Terrorism drops in Xinjiang

By Jiang Jie and Ding Xuezhen Source:Global Times Published: 2016-3-9 0:28:01

Region continues to pursue anti-terror campaign

Xinjiang saw a sharp drop in the number of cases involving violence and terrorism in 2015, as the autonomous region continues to pursue a crackdown on terrorism, a top Xinjiang official said in Beijing on Tuesday.

"Xinjiang is heading toward a stable security situation," Zhang Chunxian, Party chief of the Xinjiang Uyghur Autonomous Region, told the press during the fourth Session of the 12th National People's Congress.

Xinjiang still faces a severe and complicated counter-terrorism situation, which requires the continuous campaign against terrorists, Zhang said, applauding the efforts to arrest terrorists in an attack at a coal mine in the region.

On September 18, 2015, a coal mine in Baicheng county, Aksu Prefecture was attacked by a group of armed men, killing 11 people, the Xinhua News Agency reported.

Religious extremism has dramatically dropped in Xinjiang, while the current counter-terrorism campaign has been attracting extensive support among people of various ethnic groups in the autonomous region, Zhang noted.

"The number of terror cases dropped due to efforts to crack down on terrorist activities and to destroy the hotbed for terrorism," Li Wei, an anti-terrorism expert at the China Institute of Contemporary International Relations, told the Global Times on Tuesday.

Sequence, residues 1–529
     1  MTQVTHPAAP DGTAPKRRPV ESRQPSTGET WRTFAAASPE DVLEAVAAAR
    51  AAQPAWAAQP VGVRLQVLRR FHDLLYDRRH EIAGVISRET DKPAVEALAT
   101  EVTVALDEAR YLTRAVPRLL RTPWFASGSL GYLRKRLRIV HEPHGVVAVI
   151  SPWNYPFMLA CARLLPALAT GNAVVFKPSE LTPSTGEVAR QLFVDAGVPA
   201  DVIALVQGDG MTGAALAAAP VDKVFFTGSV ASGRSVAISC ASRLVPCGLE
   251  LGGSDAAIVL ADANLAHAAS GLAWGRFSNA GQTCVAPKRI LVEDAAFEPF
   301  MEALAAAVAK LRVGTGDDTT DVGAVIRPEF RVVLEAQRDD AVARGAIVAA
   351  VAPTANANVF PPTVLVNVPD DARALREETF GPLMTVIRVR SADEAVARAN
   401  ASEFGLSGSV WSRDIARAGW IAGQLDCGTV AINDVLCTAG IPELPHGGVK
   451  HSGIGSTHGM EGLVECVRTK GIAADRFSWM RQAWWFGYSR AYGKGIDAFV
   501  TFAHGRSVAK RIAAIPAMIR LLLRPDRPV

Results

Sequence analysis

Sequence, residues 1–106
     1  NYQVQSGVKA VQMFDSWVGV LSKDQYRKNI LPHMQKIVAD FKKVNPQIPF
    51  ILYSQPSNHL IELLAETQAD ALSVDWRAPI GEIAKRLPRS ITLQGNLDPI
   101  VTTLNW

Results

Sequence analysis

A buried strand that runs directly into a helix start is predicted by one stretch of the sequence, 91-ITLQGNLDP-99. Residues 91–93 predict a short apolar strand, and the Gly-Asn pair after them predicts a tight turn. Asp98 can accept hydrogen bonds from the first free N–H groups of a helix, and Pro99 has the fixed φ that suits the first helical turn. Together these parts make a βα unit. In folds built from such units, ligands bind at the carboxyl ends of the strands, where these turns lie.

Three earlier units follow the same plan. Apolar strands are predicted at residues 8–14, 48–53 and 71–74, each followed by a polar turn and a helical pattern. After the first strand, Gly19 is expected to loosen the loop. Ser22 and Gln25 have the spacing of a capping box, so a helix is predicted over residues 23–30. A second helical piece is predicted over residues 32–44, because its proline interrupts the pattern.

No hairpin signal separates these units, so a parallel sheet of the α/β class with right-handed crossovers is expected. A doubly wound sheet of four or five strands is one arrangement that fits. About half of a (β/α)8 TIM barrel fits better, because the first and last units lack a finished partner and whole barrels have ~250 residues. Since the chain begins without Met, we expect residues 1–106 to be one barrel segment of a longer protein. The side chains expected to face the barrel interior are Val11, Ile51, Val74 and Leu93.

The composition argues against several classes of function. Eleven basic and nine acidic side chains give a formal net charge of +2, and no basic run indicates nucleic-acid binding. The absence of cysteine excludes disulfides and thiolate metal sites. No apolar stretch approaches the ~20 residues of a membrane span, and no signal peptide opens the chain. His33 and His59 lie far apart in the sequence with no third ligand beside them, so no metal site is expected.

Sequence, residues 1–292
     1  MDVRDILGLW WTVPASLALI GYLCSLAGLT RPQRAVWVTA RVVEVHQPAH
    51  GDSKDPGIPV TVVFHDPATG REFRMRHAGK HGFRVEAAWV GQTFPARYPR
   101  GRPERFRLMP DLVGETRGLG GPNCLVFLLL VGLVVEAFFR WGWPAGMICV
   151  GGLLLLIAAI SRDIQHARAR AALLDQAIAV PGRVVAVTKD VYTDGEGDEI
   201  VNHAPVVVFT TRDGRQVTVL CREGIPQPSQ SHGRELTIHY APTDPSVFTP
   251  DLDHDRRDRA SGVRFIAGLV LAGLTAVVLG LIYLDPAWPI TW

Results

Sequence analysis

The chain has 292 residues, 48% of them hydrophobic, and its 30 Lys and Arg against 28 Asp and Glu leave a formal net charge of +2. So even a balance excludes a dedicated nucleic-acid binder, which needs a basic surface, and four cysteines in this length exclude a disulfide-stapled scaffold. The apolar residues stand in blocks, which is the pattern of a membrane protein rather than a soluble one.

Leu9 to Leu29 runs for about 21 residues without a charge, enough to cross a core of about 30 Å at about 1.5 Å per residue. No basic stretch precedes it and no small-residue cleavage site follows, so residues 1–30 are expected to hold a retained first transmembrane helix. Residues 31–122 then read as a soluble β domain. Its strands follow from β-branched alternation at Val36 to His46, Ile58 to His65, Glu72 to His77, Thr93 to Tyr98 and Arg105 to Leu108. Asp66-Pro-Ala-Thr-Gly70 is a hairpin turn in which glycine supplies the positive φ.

Li added that rising international terrorism contributed greatly to terrorism in China.

"Religious extremism created hatred among different ethnic groups under the guise of religion," Abudulrekep Tumniyaz, deputy director of the Xinjiang Islamic Association, told media on Tuesday, noting that Islam, as a religion of "peace, unity, tolerance and caring," is opposed to extremism.

The counter-terrorist campaign has helped protect the rights and interests of the public, Nayim Yasen, director of the Standing Committee of the Xinjiang People's Congress, told the media at the conference.

"To effectively prevent and counter terrorist activities is an important way to protect human rights," Yasen noted.

In counter-terrorism work, human rights as well as freedom of religion and ethnic customs should be respected, he added.

"Since a terror incident in Urumqi on July 5, 2009, different ethnic groups have become increasingly separated," a Xinjiang-based scholar told the Global Times on condition of anonymity on Tuesday.

The scholar also pointed out that what should be done next is to increase mutual trust among different ethnic groups, which has been harmed by a series of terror attacks in recent years.

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